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Ernest Miller Ernest Miller pursues research and writing on cyberlaw, intellectual property, and First Amendment issues. Mr. Miller attended the U.S. Naval Academy before attending Yale Law School, where he was president and co-founder of the Law and Technology Society, and founded the technology law and policy news site LawMeme. He is a fellow of the Information Society Project at Yale Law School. Ernest Miller's blog postings can also be found @
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June 03, 2005

Die Channel. Die! Die! Die!

Posted by Ernest Miller

MediaPost (reg. req.) runs an essay on how we seem to be reaching the saturation point for the number of cable channels, and it is falling far short of the mythical 500 channels we were promised (We May Have Reached the End of the 500-Channel Universe, 395 Channels Short). But why?

Noting that the average American cable TV viewer now has 105 channels available, Merrill Lynch research analyst Jessica Reif Cohen notes they actually watch only "16 to 18" of them. That suggests, she says, that "we may have reached a point of saturation with regard to start-up cable networks."
Imagine that, we only watch about 16 to 18 channels.

What that tells me is that the whole "channel" concept is an incredibly inefficient content delivery mechanism. The search costs are far too high, for one thing. It is too much trouble to search beyond a relatively small number of channels. People stick with the few channels they know are likely to have something that interests them and not spend too much time looking through the many other options.

It sort of reminds me of "bookmarks," which was a primitive means for navigating the World Wide Web back in the day. One would bookmark favorite webpages, then check them periodically to see if there were something new and interesting. Of course, doing so was quite time-consuming and often frustrating as one couldn't be sure when there would be an update. Consequently, most would only check about 16 - 18 channels webpages regularly. Thank goodness we now have RSS, which has vastly increased the number of webpages one can check on a daily basis.

Furthermore, having to structure activity around specific broadcast times is rather inconvenient. Indeed, I imagine in the future that people will think it absurd that there were schedules for the transmission of pre-recorded entertainment and people had to conform to these broadcast schedules, instead of the other way around. Yet, because we currently have to, we are further limited in our choices to what is available during a rather limited segment of time. Yes, I know there is TiVo, but that still ties us to certain broadcast times, which unfortunately often conflict with the broadcast of other shows one might be interested in.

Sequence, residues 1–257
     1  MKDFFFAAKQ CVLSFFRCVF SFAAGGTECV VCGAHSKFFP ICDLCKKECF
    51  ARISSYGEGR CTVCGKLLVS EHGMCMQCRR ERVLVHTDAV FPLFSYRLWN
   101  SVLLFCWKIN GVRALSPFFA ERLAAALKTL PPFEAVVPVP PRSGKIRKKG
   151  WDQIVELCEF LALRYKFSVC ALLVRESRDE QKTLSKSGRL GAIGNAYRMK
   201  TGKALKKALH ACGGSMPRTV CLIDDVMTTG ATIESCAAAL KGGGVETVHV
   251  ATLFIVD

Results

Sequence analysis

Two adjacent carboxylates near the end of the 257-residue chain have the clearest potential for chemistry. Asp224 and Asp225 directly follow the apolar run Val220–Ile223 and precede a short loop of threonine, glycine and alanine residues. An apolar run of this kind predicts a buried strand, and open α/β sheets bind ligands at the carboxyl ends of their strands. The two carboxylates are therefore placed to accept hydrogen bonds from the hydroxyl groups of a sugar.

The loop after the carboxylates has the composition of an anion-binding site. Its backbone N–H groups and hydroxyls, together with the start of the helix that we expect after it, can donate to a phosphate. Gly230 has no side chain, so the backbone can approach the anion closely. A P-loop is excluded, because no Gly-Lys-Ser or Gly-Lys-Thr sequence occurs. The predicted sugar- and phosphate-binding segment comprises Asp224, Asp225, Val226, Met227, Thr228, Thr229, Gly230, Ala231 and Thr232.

This whole scheduling thing has also resulted in some artificial time slots for content. Everything comes in 30-min or 1-hour packages. This doesn't really make any organic sense, but was well-suited to reducing some of the content delivery problems of the "channel" concept. What this means is that these shows are most likely wasting people's time. There might be 30 minutes of good content, but most likely there is a lesser amount of good content and the rest is just filler to meet the alloted and artificial time constraints (30-Minute Television Shows to be a Thing of the Past).

UPDATE 0930PT

And what the heck is up with organizing things simply because there is one company selling the advertising? What the heck does Fear Factor have in common with Law & Order, other than the fact that NBC sells the national advertising for both?

Clearly, the "channel" concept as delivery mechanism is a failure. There is only one solution: The Channel Must Die!